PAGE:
10-month-old Gives Gift of Life

At just 10-months-old, Charli gave the ultimate gift – the gift of life to someone in need. Diagnosed with hypoplastic left heart syndrome, Charli spent most of her life in Lurie Children’s Regenstein Cardiac Care Unit. 

“Charli had the most beautiful smile. She loved Moana, Coco, and music-especially playing with her maracas,” recalled Krystal, Charli’s mom. “She wore bows in her hair every day and loved rolling over on her stomach! The nurses were always so excited to take care of Charli because she was just the happiest baby.”

In hypoplastic left heart syndrome, the left side of the heart — including the aorta, aortic valve, left ventricle and mitral valve — is underdeveloped. This heart defect is usually fatal within the first days or months of life without treatment. It isn't correctable, but some babies can be treated with a series of operations or with a heart transplant.

While waiting for a new heart at home, in early March, Charli experienced cardiac arrest and during her transfer to Lurie Children’s passed away. 

Faced with the unthinkable, Charli’s parents decided to donate her organs to give someone else a second chance at life. 

“We decided to donate Charli’s kidneys. We couldn’t imagine being on this side of organ donation and having to do this, but as hard as it has been, we thought if we could help someone live on that would make us feel like we were honoring Charli,” said Krystal. 

Organ transplantation gives thousands of children and adults each year a renewed chance at living full and active lives. However, the need for organs and tissue outweighs their availability. Committing to be an organ donor is a generous decision that can save the lives of up to eight individuals, and even more if a donor can give corneas and tissue. Almost anyone, regardless of age, race or gender, can become an organ and tissue donor, and there are no costs to the person’s family or estate.

“Organ and tissue donation helps so many families find meaning amid a parent's worst nightmare: the loss of a child ,” said Meg Pairitz, Donation Specialist, Gift of Hope Organ & Tissue Donor Network, who worked closely with Lurie Children’s and Charli’s family to facilitate Charli’s organ donation. “Our work is to support families throughout this process and beyond, so they can see the impact of their decision to give life to others amid their loss. Charli and her family are an inspiration—through their compassion, Charli lives on in the lives she help to save and heal.”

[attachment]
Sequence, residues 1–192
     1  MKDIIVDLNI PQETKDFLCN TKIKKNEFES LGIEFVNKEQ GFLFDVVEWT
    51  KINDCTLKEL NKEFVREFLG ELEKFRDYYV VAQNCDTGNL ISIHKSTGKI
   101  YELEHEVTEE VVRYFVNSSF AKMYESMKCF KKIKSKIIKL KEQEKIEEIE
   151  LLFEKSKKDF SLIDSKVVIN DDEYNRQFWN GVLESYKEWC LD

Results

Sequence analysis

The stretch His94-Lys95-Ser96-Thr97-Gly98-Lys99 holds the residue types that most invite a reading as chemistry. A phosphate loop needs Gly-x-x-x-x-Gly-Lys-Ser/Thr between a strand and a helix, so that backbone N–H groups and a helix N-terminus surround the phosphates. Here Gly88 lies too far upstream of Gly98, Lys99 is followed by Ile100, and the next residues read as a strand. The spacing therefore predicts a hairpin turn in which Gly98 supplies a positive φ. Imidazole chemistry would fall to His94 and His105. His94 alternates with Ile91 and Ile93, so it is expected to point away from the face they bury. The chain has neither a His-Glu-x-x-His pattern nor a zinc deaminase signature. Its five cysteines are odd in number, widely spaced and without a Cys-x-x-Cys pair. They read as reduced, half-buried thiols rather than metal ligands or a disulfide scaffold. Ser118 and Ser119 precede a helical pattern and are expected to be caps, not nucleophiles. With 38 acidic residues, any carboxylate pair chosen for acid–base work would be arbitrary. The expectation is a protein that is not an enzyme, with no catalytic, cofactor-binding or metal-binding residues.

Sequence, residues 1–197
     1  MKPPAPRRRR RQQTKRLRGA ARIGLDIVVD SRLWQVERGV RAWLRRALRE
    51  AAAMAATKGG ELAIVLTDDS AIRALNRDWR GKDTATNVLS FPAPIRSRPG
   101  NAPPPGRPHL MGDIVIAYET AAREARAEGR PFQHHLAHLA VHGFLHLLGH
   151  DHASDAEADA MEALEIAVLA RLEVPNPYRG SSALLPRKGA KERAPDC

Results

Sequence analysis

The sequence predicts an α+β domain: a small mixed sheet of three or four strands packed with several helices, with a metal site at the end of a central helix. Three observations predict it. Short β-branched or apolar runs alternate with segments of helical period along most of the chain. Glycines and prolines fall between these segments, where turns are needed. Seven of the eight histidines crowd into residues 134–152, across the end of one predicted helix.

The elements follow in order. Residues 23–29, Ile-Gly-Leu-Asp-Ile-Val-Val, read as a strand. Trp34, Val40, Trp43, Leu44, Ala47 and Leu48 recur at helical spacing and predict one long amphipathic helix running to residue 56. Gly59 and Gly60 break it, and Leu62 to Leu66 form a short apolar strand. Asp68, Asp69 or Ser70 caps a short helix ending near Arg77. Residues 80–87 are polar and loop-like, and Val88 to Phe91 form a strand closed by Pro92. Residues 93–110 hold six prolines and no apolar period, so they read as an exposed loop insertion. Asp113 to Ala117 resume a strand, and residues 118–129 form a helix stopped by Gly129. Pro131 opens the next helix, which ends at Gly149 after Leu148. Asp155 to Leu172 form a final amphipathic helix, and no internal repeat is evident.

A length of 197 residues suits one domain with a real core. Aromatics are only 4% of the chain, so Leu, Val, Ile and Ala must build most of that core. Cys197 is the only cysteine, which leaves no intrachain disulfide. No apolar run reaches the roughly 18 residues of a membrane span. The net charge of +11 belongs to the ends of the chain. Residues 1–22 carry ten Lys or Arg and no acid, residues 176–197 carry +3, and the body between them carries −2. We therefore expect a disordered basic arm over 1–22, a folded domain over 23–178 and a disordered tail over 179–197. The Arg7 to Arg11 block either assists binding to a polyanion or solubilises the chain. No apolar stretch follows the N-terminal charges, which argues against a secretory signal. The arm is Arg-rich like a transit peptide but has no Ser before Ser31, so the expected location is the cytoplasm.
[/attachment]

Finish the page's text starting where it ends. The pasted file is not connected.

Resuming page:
“Knowing Charli has helped give someone the chance of fulfilling their life brings us comfort,” said Krystal.

Lurie Children’s and transplant centers around the country wouldn’t be able to perform these transplants without commitments from donors. Lurie Children’s honors all of our families, and families throughout the United States who have made the selfless decision to donate their loved one’s organs. You are a hero. Click here to register to become an organ donor.

Learn more about the Siragusa Transplantation Center at Lurie Children's

 

Sign up for our Newsletter

Get health tips from our pediatric experts, news about ground-breaking research, and feel-good moments delivered right to your inbox.

Subscribe Now
Categories
Patient Stories


Additional Blog Posts

Sawyer’s Fighting Chance: His Own Father

Newborn baby Sawyer battled a life-threatening liver condition for months until the most perfect donor was found and turned everything around: his own dad.  

Read More

How Beckett Got His Shine Back After the Cloud of a Brain Tumor Diagnosis

What began as suspected GI troubles became a journey that changed everything. Beckett was 6 years old when he found out he had a brain tumor, and now, one year later, the McBride family is finally feeling a refreshed sense of hope. 

Read More

Thanks to Life-Saving Critical Care, Riley Is ‘Showing off His Big Smile Again’

Riley, a young boy with chronic illness, battles a life-threatening complication in Lurie Children's PICU. Read his inspiring story of perseverance and recovery.

Read More